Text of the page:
Animal obesity – a growing problem

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 Messenger photo by Whitney Wilson Coy
 Lucky, a 15-year-old cat weighs a whopping 27 pounds. Recent studies say that nearly 40 percent of American pets are obese.

Have you noticed the bigger humans get, the bigger their pets get?

Recent studies suggest that 25 to 40 percent of American pets are now obese.

"It’s a significant number and I’ve seen more and more cases lately," said Dr. Tony Buffington, veterinarian and nutritionist with The Ohio State University Veterinary Hospital.

So how do you know if your pet is considered obese? Buffington explained that professionals look to Body Conditioning Scoring (BCS). The BCS goes from one to five, one being emaciated and five being obese. In an emaciated animal, you will see obvious ribs, pelvic bones, and a backbone. There is no body fat or muscle mass. In a thin pet (BCS #2), you will notice ribs and pelvic bones, but the backbone is less prominent. A thin pet will have an hourglass waist and a tucked-up abdomen.

A moderate-sized pet (BCS #3), you will notice a less prominent hourglass and abdominal tuck but you can feel the ribs without excess fat covering them. A stout pet (BCS #4), will have a general fleshy appearance. The hourglass and abdominal tuck is hard to see. You can feel the ribs with difficulty. An obese pet (BCS #5), has a sagging abdomen and large deposits of fat over the chest, abdomen and pelvis.

"Basically, how hard do you have to feel to feel the bone," said Buffington of the BCS. "In an obese pet, you feel nothing but flesh."

Obesity is associated with ailments such as joint disease in canines and diabetes in felines.

"There is not enough information to say obesity causes this or causes that – every animal is individual," Buffington noted.

He said preventative care is the way to approach obesity and problems that may follow.

"It’s like driving a car without a seatbelt. As long as you don’t hit anything – you’re fine."

There are some viruses and conditions that could contribute to obesity, but in most cases, it is the result of too much food and not enough exercise.

"Pets eat when they are stressed and share food with people," Buffington explained. "Our own lifestyles come in to play as well. If our life is chaotic, that bleeds over to our pets."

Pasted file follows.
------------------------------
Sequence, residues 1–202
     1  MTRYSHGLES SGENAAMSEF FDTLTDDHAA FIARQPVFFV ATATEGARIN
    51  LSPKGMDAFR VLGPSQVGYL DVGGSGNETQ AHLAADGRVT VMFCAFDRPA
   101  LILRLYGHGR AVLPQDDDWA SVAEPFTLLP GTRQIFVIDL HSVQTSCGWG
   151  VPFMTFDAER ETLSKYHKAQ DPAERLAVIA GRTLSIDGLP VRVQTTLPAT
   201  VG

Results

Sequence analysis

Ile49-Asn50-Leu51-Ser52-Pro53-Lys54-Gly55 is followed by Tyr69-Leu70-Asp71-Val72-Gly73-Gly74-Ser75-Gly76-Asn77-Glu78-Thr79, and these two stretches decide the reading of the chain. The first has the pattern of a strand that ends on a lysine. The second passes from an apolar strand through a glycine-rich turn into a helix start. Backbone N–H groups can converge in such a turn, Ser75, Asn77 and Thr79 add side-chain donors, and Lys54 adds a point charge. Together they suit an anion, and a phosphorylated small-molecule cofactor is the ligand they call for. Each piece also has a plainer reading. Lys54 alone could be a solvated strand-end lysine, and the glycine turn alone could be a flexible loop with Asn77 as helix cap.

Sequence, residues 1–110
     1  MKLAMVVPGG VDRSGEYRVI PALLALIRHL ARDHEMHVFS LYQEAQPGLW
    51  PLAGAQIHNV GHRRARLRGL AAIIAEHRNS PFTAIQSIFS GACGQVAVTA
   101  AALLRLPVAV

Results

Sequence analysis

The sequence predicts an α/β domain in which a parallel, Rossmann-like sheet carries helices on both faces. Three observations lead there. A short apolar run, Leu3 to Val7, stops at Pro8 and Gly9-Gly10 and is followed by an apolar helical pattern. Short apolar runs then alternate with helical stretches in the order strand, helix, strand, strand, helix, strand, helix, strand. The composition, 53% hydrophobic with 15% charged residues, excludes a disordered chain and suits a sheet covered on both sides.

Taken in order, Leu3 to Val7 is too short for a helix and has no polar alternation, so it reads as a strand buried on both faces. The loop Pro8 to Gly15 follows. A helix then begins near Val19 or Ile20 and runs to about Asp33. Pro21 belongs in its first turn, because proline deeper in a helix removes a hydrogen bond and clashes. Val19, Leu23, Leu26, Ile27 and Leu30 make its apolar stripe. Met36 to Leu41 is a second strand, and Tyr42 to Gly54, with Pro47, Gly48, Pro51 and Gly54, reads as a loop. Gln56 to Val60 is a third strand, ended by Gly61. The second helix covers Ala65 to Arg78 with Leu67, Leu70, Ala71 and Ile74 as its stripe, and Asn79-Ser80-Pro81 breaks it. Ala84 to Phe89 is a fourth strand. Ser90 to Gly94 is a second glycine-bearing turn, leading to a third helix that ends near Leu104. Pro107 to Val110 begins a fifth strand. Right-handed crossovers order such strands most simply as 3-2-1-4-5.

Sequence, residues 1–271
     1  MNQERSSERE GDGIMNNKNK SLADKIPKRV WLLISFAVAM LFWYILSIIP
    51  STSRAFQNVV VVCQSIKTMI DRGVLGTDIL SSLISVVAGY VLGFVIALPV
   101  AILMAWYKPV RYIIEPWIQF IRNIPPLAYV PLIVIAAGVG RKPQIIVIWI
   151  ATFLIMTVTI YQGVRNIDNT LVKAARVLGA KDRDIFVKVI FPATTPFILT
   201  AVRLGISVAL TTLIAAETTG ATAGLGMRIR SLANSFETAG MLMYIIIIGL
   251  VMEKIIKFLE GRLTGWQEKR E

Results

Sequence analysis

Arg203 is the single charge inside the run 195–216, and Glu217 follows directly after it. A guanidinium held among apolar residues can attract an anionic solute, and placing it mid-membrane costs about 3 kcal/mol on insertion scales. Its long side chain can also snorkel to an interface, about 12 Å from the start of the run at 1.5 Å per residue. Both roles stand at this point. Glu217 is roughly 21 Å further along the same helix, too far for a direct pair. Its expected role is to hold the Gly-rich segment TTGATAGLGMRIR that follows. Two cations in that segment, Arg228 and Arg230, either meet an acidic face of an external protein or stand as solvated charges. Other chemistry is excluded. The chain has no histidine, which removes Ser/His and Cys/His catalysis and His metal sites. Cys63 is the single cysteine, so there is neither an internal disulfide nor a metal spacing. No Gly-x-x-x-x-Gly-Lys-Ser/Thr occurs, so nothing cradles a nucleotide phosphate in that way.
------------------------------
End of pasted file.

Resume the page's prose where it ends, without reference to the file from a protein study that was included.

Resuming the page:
The Pet Center, a Web site made by veterinarians, explained that studies suggest a high quality meat-based diet that is low in carbohydrates is best for pets. It explains that cats do not break down carbohydrates like humans or even dogs, yet it is in most packaged food. Buffington said there is no evidence that links carbohydrates to weight gain. He said each dog and cat will have individual needs and people concerned about their pet’s weight should consult their veterinarian.

"If you take away five calories per pound, per day, that should give your pet a 10 percent weight loss," said Buffington. "Eat less, stay active and reduce stress – that is what pets need."

Exercise is important in pet weight loss. It is easy to take a dog for a walk and get them moving, but what about cats? Buffington, along with the OSU College of Veterinary Medicine, created a Web site, www.indoorcat.org, which gives suggestions as to how to get your cat active. It explains that you need to carve out playtime with your feline. You could teach your cat to play fetch, attach a toy to a shoelace and drag it around, play hide and seek or even let your cat chase a laser pointer.

"The site gets owners thinking about ways to get their cat active and allows them to have fun in the process," said Buffington. For more ideas, check out the Web site.

Buffington said every day humans are bombarded with food messages and our lifestyle affects our pets. He said to keep your pet healthy stop weight gain and induce weight loss.

"A loss of just 10 percent of body weight reduces health risks. There are plenty of ways to express our love for our pets, other than food."

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